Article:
This book explores six texts from across Spanish America in which the coming-of-age story ('Bildungsroman') offers a critique of gendered selfhood as experienced in the region’s socio-cultural contexts. Looking at a range of novels from the late twentieth century, Staniland explores thematic concerns in terms of their role in elucidating a literary journey towards agency: that is, towards the articulation of a socially and personally viable female gendered identity, mindful of both the hegemonic discourses that constrain it, and the possibility of their deconstruction and reconfiguration. Myth, exile and the female body are the three central themes for understanding the personal, social and political aims of the Post-Boom women writers whose work is explored in this volume: Isabel Allende, Laura Esquivel, Ángeles Mastretta, Sylvia Molloy, Cristina Peri Rossi and Zoé Valdés. Their adoption, and adaptation, of an originally eighteenth-century and European literary genre is seen here to reshape the global canon as much as it works to reshape our understanding of gendered identities as socially constructed, culturally contingent, and open-ended.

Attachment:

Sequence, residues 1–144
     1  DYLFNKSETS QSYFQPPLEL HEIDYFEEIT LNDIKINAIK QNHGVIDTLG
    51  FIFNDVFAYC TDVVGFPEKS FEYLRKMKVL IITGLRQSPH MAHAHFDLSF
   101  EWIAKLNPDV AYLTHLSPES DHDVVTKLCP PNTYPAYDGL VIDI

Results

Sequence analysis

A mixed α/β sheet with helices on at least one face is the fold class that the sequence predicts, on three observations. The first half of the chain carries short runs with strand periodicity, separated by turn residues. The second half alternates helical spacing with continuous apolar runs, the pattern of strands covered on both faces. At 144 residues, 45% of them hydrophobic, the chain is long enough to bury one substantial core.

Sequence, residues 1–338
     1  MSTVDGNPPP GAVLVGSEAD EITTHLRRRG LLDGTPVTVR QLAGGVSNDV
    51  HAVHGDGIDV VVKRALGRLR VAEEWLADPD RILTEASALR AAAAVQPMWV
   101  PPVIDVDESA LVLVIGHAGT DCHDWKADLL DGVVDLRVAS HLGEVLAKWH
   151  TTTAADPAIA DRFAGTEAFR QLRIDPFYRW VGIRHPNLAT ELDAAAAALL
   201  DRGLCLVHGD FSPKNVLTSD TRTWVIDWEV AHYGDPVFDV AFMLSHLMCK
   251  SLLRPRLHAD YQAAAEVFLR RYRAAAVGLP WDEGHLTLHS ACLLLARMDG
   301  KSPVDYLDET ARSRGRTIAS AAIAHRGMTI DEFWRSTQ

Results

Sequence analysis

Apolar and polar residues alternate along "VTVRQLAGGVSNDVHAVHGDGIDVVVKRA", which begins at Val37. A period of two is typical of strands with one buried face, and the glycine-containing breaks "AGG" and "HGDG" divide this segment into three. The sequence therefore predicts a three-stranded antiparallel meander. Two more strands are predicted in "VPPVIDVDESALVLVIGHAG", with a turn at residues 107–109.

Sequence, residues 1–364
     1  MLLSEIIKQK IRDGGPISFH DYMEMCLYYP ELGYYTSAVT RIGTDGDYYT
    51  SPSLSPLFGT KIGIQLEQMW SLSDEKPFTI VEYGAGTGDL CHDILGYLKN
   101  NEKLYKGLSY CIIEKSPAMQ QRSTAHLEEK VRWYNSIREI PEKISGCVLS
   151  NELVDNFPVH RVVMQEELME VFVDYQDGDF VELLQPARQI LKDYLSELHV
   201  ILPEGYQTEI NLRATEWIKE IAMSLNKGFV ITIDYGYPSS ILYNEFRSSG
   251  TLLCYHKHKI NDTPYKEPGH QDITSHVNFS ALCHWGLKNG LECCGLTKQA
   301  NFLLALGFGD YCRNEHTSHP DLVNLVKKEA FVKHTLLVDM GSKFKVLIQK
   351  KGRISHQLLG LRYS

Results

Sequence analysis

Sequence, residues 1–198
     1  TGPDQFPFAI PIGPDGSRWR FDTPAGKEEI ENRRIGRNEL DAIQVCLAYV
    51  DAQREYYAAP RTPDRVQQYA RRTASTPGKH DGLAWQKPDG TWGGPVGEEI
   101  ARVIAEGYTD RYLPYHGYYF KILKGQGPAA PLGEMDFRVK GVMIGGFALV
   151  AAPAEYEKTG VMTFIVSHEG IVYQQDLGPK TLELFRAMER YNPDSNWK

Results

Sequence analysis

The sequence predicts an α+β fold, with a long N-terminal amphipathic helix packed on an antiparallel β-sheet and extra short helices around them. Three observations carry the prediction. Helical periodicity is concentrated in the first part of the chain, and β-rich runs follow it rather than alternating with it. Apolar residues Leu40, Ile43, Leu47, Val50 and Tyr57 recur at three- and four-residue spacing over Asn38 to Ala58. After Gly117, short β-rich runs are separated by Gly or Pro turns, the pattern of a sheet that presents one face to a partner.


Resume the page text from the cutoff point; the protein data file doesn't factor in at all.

'She wanted to swim far out, where no woman had swum before.' Kate Chopin was one of the most individual and adventurous of nineteenth-century american writers, whose fiction explored new and often startling territory. When her most famous story, The Awakening, was first published in 1899, it stunned readers with its frank portrayal of the inner word of Edna Pontellier, and its daring criticisms of the limits of marriage and motherhood. The subtle beauty of her writing was contrasted with her unwomanly and sordid subject-matter: Edna's rejection of her domestic role, and her passionate quest for spiritual, sexual, and artistic freedom. From her first stories, Chopin was interested in independent characters who challenged convention. This selection, freshly edited form the first printing of each text, enables readers to follow her unfolding career as she experimented with a broad range of writing, from tales for children to decadent fin-de siecle sketches. The Awakening is set alongside thirty-two short stories, illustrating the spectrum of the fiction from her first published stories to her 1898 secret masterpiece, 'The Storm'. ABOUT THE SERIES: For over 100 years Oxford World's Classics has made available the widest range of literature from around the globe. Each affordable volume reflects Oxford's commitment to scholarship, providing the most accurate text plus a wealth of other valuable features, including expert introductions by leading authorities, helpful notes to clarify the text, up-to-date bibliographies for further study, and much more.